When UN secretary-general Ban Ki-moon touched down in Sri Lanka yesterday, he arrived in a very different country from the one he last saw, immediately following the end of the civil war. Back then, in May 2009, he was shocked by the physical devastation and human toll of the final months of war, when as many as 40,000 civilians are believed to have been killed in the north and east. The internal review he ordered faulted the United Nations for its “systemic failure” to protect human rights and civilian lives at the war’s end.

Today, much of the physical damage has been repaired. Since 2015, a new government led by president Maithripala Sirisena has championed a reform agenda that includes important commitments to end impunity, promote the rule of law, and encourage reconciliation. Yet political, social and psychological wounds run deep throughout the country, threatening the fragile progress made so far.

The UN has a mixed history in Sri Lanka. On Ban’s last visit, the country was ruled by president Mahinda Rajapaksa and his powerful family, riding high on the wave of triumphalism and Sinhala nationalism that followed the military’s defeat of the Tamil Tigers. A panel of experts Ban appointed in 2010 found credible allegations of war crimes and crimes against humanity by both sides. Although it was denounced by the government and its nationalist supporters, the panel’s report contributed to the series of increasingly strong resolutions by the UN Human Rights Council calling for accountability and reconciliation.

The defeat of Rajapaksa and election of Sirisena as president in January 2015 opened unexpected space in Sri Lanka for the Human Rights Council’s resolutions to be acted on. It also marked a growing acceptance that reconciliation required accountability for war crimes and for corruption and the abuse of power.

Sirisena’s new government co-sponsored a landmark resolution adopted by the Human Rights Council in October 2015, which committed his administration to establishing offices on missing persons and reparations, a truth commission, and a special court to hear cases of alleged crimes during the war – including extrajudicial killings, torture, rape and sexual violence. The government also promised to investigate other human rights cases, restore the independence of the judiciary and police, reduce the role of the military and agree on constitutional reforms to address the political marginalisation of Sri Lankan Tamils, which gave birth to the years of war and terror.

UN agencies are actively supporting the Sirisena government’s reform agenda, but government efforts have been under-resourcedand weakened by mixed messages and confused lines of authority. Clear direction from the president and from prime minister Ranil Wickremesinghe has been lacking. While there is much greater space for dissent, some improvement in rights protections, and progress towards a new constitution, there has been no decisive break with the culture of impunity. Meanwhile, key sectors within the government are actively undermining reforms.

Take, for example, the government’s pledge to the Human Rights Council that it would replace the Prevention of Terrorism Act with new laws consistent with human rights standards. Despite that undertaking, police continue to make arrests under this repressive legislation, and some 200 Tamils are still detained under its provisions, many held for years without charge.

Security officials have reportedly interfered with police investigations that implicate military intelligence units in murders and abductions during the Rajapaksa years. Defence budgets have grown and the military remains a powerful presence in Tamil majority regions, running hotels and other businesses and occupying large amounts of private land. Tamils are increasingly angry at the government’s failure to live up to its promises on all these issues.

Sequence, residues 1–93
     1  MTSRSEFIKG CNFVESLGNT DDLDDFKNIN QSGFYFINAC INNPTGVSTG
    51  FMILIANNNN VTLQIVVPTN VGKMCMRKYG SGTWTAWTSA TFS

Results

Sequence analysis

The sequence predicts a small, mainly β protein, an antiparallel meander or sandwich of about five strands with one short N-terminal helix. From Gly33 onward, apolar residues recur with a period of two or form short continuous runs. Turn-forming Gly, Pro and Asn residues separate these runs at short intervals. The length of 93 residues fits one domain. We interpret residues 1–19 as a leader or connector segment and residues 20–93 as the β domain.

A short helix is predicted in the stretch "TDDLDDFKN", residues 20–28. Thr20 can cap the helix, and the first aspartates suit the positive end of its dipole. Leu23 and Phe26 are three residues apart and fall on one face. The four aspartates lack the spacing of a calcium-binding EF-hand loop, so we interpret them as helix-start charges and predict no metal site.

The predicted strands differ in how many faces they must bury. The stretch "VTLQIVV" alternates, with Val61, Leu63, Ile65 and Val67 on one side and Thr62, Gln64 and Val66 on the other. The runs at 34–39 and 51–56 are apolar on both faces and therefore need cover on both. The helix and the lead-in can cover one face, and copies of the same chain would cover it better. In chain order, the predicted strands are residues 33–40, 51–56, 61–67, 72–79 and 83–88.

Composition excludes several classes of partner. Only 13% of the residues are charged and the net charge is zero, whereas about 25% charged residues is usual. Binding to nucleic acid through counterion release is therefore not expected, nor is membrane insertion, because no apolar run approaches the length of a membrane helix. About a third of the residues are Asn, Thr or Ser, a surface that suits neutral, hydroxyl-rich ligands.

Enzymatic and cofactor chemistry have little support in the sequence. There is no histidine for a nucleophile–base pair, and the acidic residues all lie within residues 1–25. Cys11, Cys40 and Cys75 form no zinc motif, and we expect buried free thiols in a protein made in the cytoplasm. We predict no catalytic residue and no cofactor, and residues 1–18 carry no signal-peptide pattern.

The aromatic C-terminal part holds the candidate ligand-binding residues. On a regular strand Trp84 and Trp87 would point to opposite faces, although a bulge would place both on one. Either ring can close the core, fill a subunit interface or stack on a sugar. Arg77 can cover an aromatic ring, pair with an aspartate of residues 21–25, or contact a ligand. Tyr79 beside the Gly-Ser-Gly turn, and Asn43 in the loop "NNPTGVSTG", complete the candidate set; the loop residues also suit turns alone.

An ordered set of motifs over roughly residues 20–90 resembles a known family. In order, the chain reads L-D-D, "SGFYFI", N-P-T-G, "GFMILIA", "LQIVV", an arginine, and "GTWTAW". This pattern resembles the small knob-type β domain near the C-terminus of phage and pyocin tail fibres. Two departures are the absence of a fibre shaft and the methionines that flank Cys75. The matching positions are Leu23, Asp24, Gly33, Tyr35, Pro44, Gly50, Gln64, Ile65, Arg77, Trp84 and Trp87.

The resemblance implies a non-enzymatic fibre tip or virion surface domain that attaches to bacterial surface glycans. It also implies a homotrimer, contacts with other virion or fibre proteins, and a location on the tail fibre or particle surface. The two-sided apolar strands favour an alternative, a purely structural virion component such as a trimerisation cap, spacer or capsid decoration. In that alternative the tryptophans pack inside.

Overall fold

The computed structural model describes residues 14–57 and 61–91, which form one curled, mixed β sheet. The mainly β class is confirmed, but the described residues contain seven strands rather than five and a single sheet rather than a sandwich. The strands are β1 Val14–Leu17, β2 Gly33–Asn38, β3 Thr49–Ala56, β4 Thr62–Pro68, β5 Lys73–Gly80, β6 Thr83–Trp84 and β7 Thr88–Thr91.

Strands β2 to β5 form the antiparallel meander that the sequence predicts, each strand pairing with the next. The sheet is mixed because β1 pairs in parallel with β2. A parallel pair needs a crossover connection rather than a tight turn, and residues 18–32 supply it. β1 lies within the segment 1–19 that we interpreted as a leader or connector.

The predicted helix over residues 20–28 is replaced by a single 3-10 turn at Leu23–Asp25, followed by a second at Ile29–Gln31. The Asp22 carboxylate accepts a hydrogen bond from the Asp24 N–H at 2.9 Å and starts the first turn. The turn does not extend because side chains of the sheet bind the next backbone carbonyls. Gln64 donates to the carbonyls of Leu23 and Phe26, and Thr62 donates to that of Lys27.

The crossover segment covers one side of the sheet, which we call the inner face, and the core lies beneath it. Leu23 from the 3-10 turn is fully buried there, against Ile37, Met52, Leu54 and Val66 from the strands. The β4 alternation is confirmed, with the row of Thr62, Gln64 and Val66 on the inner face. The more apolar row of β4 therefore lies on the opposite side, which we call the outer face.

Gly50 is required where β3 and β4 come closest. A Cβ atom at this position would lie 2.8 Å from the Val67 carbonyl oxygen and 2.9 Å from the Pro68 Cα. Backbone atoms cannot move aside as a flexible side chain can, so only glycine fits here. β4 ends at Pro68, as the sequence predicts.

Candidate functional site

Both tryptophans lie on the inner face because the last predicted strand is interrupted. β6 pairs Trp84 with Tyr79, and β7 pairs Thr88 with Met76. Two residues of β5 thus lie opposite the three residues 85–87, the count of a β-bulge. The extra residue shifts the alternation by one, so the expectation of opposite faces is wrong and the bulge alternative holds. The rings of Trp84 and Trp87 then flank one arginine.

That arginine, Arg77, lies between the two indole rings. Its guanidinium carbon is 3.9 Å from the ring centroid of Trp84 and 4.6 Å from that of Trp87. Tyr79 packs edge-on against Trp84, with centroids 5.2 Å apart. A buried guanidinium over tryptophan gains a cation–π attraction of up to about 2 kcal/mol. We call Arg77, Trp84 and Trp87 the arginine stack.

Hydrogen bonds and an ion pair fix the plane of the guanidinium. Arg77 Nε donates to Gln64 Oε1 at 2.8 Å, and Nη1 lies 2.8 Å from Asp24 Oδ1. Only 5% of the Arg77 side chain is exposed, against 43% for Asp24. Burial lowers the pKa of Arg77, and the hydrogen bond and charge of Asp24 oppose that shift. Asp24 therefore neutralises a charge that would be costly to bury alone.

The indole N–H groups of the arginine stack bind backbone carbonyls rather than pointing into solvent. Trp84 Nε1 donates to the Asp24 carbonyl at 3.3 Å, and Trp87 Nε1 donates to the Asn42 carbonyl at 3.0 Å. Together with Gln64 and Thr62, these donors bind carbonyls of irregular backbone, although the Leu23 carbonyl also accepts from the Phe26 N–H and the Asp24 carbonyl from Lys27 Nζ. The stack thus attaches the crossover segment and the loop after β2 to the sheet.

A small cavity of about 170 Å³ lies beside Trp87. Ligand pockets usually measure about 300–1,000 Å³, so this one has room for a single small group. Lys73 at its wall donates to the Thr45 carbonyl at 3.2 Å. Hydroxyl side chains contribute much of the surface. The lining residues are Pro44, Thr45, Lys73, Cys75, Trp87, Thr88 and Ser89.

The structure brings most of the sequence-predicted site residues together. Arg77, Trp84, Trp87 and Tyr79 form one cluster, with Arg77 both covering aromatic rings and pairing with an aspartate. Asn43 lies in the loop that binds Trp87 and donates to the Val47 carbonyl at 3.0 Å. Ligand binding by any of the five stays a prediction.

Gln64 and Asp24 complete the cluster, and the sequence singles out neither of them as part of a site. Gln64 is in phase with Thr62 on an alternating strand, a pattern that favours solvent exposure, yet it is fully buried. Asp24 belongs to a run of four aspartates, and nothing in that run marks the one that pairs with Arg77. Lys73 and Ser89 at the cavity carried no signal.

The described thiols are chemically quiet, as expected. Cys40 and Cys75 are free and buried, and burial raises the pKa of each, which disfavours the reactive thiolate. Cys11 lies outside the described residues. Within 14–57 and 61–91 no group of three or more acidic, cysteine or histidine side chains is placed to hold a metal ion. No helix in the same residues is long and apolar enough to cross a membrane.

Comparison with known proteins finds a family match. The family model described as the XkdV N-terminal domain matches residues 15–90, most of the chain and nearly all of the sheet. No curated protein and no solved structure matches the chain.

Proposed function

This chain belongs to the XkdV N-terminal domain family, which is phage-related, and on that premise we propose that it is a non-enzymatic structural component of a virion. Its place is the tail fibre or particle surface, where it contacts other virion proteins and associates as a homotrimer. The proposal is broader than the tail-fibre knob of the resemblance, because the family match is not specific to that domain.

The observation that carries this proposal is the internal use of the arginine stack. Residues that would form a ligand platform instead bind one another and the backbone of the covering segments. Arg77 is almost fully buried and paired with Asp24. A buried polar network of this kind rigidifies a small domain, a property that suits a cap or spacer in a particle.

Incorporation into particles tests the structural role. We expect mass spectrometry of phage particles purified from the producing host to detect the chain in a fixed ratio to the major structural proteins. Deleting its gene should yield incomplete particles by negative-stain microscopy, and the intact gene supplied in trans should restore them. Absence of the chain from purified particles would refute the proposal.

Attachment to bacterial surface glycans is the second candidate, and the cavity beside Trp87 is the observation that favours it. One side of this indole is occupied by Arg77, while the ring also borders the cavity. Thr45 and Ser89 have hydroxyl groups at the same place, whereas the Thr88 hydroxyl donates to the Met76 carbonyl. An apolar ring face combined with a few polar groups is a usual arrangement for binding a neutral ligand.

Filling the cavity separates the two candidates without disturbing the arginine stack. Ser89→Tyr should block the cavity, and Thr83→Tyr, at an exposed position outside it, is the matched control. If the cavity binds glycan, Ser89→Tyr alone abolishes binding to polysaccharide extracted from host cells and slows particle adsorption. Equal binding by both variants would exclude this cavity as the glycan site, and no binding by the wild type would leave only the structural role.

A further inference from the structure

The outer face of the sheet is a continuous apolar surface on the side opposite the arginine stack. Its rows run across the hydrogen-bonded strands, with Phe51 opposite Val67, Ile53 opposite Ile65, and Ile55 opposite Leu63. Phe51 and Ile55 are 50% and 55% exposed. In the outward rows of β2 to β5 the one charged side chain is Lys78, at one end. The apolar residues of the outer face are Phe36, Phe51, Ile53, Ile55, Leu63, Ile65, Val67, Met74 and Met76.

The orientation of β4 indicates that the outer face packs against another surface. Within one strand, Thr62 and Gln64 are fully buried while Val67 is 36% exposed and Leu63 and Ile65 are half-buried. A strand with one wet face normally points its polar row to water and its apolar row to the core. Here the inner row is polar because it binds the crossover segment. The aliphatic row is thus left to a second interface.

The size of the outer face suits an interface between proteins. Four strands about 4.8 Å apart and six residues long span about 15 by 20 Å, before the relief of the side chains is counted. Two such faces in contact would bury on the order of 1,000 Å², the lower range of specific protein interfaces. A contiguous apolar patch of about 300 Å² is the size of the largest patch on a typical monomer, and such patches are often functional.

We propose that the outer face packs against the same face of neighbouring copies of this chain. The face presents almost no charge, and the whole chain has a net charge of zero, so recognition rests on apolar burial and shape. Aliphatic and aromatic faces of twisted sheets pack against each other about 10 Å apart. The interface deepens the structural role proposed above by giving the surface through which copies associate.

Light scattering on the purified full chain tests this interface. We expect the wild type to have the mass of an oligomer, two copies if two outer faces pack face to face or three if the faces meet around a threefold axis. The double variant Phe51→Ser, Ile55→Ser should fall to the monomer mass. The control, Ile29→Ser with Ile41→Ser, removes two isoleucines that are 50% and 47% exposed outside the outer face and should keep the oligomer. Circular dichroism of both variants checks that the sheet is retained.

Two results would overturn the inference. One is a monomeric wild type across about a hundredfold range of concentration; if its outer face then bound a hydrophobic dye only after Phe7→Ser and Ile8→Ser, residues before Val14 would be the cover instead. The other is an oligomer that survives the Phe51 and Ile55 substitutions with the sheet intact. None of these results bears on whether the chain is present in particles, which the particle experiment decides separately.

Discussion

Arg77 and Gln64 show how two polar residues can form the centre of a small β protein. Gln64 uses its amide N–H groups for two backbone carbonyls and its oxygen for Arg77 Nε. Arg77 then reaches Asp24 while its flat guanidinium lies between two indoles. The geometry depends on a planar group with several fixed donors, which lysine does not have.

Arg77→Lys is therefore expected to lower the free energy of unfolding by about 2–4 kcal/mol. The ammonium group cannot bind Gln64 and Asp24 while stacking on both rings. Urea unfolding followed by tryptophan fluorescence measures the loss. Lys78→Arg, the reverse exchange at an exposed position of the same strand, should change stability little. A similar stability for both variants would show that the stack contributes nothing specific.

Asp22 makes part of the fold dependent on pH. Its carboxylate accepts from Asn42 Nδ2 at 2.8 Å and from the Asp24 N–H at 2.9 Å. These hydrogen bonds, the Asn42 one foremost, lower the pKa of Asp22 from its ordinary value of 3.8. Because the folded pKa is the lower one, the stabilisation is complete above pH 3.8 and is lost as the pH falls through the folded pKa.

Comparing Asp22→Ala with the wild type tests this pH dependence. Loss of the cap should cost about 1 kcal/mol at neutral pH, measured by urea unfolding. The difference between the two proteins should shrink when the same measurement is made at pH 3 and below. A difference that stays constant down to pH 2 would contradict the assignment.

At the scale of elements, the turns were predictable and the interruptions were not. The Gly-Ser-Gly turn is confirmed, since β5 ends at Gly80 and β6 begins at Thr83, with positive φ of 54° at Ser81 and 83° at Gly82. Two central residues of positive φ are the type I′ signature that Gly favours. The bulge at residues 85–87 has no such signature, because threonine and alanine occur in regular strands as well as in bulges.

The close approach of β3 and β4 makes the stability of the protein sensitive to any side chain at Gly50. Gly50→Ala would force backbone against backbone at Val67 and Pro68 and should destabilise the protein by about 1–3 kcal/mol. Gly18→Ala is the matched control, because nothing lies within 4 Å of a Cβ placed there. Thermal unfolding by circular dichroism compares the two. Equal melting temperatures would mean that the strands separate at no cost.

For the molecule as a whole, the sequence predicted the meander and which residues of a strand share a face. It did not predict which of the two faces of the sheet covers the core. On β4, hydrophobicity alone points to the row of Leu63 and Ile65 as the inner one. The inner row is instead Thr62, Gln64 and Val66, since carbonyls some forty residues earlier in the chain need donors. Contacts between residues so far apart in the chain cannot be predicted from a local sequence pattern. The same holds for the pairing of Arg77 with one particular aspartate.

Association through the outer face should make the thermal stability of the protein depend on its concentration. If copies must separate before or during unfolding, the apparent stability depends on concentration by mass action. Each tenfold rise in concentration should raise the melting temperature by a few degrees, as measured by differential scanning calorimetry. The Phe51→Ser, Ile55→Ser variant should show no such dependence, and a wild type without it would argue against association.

Ban should urge that the military cooperate with the police and judiciary. He should also offer UN assistance for the Sri Lankan military’s transition to peacetime duties in two ways: by helping to assess its landholdings and assisting families returning to previously occupied land, and by assisting with job training for retiring soldiers and psycho-social support to veterans and families.

While parliament’s approval earlier this month of a bill to establish the Office on Missing Persons is a welcome first step, Ban must press the president and prime minister to implement all of its promises to the Human Rights Council. A key element of these commitments is a special court for war-related crimes, with the “participation… of Commonwealth and other foreign judges, defence lawyers and authorised prosecutors and investigators.” With nationalists arguing this is an infringement on Sri Lanka’s sovereignty, the president and prime minister have reversed position and rejected foreign judges.

Although the Sirisena government co-sponsored the Human Rights Council resolution last year, it now seems to be dragging its feet. It appears increasingly that the government does not intend to pass the legislation needed to establish the special court before the Council meets in March 2017, a move that could help to evade further international scrutiny.

Ban must make clear his support for continued oversight by the UN Human Rights Council until the government has passed the legislation needed to establish a strong court with the legal basis and the expertise – including international participation – to prosecute war crimes and crimes against humanity. Even if the government succeeds in winning approval for a constitution that reflects Sri Lanka’s ethnic, linguistic and religious diversity, that will not be enough to ensure reconciliation in the absence of accountability.

Ban should encourage Sirisena and Wickremesinghe to make a much stronger public case – especially to Sinhalese communities – in support of their transitional justice and constitutional initiatives. While resistance from Sinhala nationalists and the Rajapaksa-led opposition is real, strong public outreach and the government’s two-thirds parliamentary majority provide a once-in-a-generation opportunity to address both the causes and consequences of Sri Lanka’s thirty years of war. As part of this, Ban should also urge that the design of the court and the truth commission take into account the recommendations of public consultations now under way across the island.

Finally, Ban should acknowledge the UN’s failure to protect Sri Lankans during the final months of the war and its immediate aftermath, and commit the UN to an active role defending rights through its ongoing work in Sri Lanka. This should include an expanded presence of the Office of the High Commissioner for Human Rights and improved vetting of the human rights record of military personnel who serve in UN missions – particularly with respect to allegations of sexual abuse.

Above all, UN member states must back up Ban’s words with the right combination of encouragement and pressure needed to deepen and sustain the potentially historic transformation now under way in Sri Lanka. With the UN’s help, Sri Lanka could yet build a state that respects the rule of law and protects the rights of all its citizens.